Disability Activists Criticize Administration and Supreme Court on Assisted Suicide Ruling

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Disability rights activists are angered and frustrated by the U. S. Supreme Court and the Dept. of Justice in their handling of Oregon assisted suicide case. The president of the lead organization that filed a disability brief in Gonzales v. Oregon says that both the Department of Justice and the Supreme Court failed in their duties.

Disability rights activists are angered and frustrated by the U. S. Supreme Court and the Dept. of Justice in their handling of Oregon assisted suicide case. The Court ruled 6-3 today that Oregon's "Death with Dignity" Law was legal.

"Both the Department of Justice and the Supreme Court have failed us," said Diane Coleman, president of Not Dead Yet, a national disability rights group founded in 1996 when the Supreme Court previously considered assisted suicide.

"First we continue our criticism of the Administration for not bringing the challenge to the Oregon law under the Americans With Disabilities Act," says Coleman. As Justice Kennedy points out, the law "only" applies to very sick people. Making suicide easy and socially approved for people who, according to the Oregon Reports, feel like burdens on their families, is discrimination against a socially devalued group. Assisted suicide is not a benefit, it's a threat. It's no accident that Oregon has the highest elder suicide rate in the U.S., apart from the Oregon Law.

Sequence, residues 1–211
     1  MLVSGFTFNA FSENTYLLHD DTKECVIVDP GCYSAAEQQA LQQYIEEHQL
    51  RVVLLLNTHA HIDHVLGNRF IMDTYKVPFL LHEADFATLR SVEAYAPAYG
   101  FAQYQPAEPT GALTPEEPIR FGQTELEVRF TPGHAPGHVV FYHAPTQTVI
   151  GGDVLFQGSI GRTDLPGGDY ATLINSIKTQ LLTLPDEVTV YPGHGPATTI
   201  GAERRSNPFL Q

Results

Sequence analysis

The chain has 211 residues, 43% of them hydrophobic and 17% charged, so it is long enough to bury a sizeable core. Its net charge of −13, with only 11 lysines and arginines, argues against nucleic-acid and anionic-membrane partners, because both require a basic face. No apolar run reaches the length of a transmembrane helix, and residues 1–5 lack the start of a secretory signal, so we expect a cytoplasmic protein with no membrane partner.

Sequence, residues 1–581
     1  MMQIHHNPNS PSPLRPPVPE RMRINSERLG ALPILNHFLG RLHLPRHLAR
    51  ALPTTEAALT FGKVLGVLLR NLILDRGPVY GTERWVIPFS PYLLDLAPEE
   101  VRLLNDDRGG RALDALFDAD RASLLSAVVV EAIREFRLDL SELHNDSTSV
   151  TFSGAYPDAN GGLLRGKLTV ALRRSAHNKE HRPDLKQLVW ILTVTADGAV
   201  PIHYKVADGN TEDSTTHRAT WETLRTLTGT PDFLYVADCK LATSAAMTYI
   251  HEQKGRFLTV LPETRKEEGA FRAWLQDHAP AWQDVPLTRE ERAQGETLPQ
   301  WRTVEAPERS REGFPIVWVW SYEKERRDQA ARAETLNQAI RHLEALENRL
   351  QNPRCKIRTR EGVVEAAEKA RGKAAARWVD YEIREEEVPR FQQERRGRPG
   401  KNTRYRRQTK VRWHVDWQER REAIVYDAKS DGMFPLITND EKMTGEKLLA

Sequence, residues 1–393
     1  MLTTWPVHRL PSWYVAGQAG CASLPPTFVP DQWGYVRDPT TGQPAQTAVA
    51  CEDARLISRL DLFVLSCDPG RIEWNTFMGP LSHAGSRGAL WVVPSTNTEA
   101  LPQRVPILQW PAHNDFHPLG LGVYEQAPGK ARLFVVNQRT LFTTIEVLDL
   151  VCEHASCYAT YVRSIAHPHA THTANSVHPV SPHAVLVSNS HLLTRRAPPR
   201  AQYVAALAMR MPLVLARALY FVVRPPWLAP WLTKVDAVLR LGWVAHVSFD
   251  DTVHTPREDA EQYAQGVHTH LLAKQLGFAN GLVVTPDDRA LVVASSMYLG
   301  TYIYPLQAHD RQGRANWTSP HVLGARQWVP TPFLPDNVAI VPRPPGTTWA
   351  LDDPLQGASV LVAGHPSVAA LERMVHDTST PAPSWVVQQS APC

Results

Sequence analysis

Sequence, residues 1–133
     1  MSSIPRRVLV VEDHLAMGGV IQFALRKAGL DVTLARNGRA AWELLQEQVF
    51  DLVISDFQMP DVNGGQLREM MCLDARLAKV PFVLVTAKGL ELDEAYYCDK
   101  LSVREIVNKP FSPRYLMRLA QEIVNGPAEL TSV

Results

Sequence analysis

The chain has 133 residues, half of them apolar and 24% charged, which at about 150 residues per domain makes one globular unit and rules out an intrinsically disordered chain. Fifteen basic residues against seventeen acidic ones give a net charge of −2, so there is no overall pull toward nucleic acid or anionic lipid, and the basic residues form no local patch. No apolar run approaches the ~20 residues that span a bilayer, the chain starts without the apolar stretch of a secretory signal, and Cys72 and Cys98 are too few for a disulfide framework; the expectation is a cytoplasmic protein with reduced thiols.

We're also disappointed that the Supreme Court, which had an amicus brief about the discrimination inherent in the assisted suicide law, ignored that argument. Judging by the split in the Court vote, it's clear that the Court accepted the usual portrayal of assisted suicide as an issue of "compassionate progressives" versus the "religious right," completely ignoring the discrimination argument.

It should be noted that suicide, as a solitary act, is not illegal in any state. Disability concerns are focused on the systemic implications of adding assisted suicide to the list of "medical treatment options" available to seriously ill and disabled people in the context of major budget cuts in government funded health care and in anticipation of the coming wave of aging baby boomers.

"If the values of liberty really dictate that society legalizes assisted suicide, then legalize it for everyone who asks for it, not just the devalued old, ill and disabled," says Coleman. "Otherwise, what looks like freedom is really only discrimination."

Last summer, a Friend Of The Court brief in support of Gonzales was filed on behalf of the following disability organizations: Not Dead Yet, ADAPT, Center on Disability Studies, Law and Human Policy at Syracuse University, Center for Self-Determination, Hospice Patients Alliance, Mouth Magazine/ Freedom Clearinghouse, National Council on Independent Living, National Spinal Cord Injury Association, Self-Advocates Becoming Empowered, TASH and the World Institute on Disability.

For further information, contact:

Diane Coleman, Stephen Drake

708-209-1500, exts. 11 & 29

708-420-0539 (cell)

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Stephen Drake